The United States imposed sanctions Wednesday on 24 Chinese companies and several people who allegedly participated in building and militarizing disputed artificial islands in the South China Sea.
The U.S. Commerce Department said in a statement the companies played a “role in helping the Chinese military” with the construction project, while U.S. Secretary of State Mike Pompeo said in a separate announcement that it was placing visa restrictions on individuals “responsible” or “complicit” in the project.
“Since 2013, the PRC [People’s Republic of China] has used its state-owned enterprises to dredge and reclaim more than 3,000 acres on disputed features in the South China Sea, destabilizing the region, trampling on the sovereign rights of its neighbors, and causing untold environmental devastation,” Pompeo said.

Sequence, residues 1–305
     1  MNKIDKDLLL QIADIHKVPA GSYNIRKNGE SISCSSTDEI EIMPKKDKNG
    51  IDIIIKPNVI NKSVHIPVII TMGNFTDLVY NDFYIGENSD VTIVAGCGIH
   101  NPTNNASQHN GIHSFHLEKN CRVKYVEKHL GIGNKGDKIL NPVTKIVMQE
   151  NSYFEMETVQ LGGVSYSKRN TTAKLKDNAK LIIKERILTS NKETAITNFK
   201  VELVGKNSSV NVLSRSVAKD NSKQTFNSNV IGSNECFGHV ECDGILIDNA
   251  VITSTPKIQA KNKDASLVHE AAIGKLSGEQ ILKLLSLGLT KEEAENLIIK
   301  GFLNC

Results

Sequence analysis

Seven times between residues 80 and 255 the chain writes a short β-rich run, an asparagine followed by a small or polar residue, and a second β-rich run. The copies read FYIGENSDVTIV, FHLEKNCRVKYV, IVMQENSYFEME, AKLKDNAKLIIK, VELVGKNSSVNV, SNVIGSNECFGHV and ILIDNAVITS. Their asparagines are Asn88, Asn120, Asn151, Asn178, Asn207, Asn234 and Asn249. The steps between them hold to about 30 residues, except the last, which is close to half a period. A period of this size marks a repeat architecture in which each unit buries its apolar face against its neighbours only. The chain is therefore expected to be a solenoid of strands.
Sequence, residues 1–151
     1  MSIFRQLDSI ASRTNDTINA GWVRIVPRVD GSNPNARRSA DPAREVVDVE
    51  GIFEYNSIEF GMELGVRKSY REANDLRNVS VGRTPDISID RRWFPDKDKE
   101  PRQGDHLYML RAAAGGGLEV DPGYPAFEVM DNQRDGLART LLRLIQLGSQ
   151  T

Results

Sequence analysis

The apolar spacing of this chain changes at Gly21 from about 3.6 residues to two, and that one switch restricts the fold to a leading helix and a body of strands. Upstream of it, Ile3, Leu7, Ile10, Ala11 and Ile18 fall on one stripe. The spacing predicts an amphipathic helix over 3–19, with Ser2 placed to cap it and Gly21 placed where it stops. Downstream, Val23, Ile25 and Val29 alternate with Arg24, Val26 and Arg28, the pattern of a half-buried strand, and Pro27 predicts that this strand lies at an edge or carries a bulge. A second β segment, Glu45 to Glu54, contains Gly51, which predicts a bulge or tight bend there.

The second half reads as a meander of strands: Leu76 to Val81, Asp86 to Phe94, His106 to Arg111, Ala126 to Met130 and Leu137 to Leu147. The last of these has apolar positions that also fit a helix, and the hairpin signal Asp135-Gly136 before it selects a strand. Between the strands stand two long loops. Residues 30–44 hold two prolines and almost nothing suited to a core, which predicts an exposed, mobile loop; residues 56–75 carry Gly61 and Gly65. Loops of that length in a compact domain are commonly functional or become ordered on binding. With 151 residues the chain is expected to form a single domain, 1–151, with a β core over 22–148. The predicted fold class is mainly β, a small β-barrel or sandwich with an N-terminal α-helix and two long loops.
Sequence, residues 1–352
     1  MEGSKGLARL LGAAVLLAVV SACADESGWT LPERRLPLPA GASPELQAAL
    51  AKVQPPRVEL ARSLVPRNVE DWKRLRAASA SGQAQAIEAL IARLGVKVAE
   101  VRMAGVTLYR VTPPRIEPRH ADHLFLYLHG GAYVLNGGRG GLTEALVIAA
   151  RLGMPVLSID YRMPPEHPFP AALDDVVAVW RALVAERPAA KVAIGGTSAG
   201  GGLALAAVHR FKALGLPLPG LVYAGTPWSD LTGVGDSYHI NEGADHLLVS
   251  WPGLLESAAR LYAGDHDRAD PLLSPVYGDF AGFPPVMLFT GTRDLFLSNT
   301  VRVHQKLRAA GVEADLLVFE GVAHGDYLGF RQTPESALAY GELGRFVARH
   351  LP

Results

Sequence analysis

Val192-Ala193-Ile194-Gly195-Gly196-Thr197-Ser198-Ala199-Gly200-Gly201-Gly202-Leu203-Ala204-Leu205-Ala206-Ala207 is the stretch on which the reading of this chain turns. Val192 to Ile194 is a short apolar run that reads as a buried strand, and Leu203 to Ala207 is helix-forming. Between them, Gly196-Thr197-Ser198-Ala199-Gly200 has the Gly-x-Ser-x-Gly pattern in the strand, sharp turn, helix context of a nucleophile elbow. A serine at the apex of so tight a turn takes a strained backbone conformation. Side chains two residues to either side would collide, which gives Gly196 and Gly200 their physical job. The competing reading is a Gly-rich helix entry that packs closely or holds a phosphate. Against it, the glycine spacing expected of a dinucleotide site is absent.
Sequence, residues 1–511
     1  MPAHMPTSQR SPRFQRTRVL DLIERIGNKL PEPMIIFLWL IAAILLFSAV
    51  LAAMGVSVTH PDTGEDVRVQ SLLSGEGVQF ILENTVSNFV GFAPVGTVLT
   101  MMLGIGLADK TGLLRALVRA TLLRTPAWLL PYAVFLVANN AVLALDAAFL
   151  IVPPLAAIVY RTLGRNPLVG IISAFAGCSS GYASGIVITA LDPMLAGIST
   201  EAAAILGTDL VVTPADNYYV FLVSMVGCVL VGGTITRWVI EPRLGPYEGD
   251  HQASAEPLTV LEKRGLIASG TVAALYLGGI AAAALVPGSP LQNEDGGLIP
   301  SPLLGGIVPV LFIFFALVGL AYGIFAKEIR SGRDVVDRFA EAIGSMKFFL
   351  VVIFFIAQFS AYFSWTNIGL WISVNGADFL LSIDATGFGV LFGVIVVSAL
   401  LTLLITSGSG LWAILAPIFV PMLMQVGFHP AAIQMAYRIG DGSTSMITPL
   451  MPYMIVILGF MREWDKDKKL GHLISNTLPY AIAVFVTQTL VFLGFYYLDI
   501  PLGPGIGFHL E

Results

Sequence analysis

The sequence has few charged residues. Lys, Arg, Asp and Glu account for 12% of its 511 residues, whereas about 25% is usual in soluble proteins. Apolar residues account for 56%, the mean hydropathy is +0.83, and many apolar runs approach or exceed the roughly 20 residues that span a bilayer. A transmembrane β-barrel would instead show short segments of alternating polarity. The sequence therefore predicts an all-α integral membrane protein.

The actions are the latest steps the U.S. has taken against China for its military buildup on territory in the South China Sea, where sovereignty is claimed by several countries.
The U.S. accused China in June of trying to build a “maritime empire” in the South China Sea.
China did not immediately respond to the sanctions. China claims at least 80% of the South China sea, which is home to vast oil and gas reserves. Brunei, Malaysia, the Philippines, Taiwan and Vietnam also claim jurisdiction to parts of the area through which trade valued at $3 trillion passes annually.
Among the sanctioned state-owned companies are construction giant China Communications Construction Co., a subsidiary of the China Shipbuilding Group, and a telecommunications company.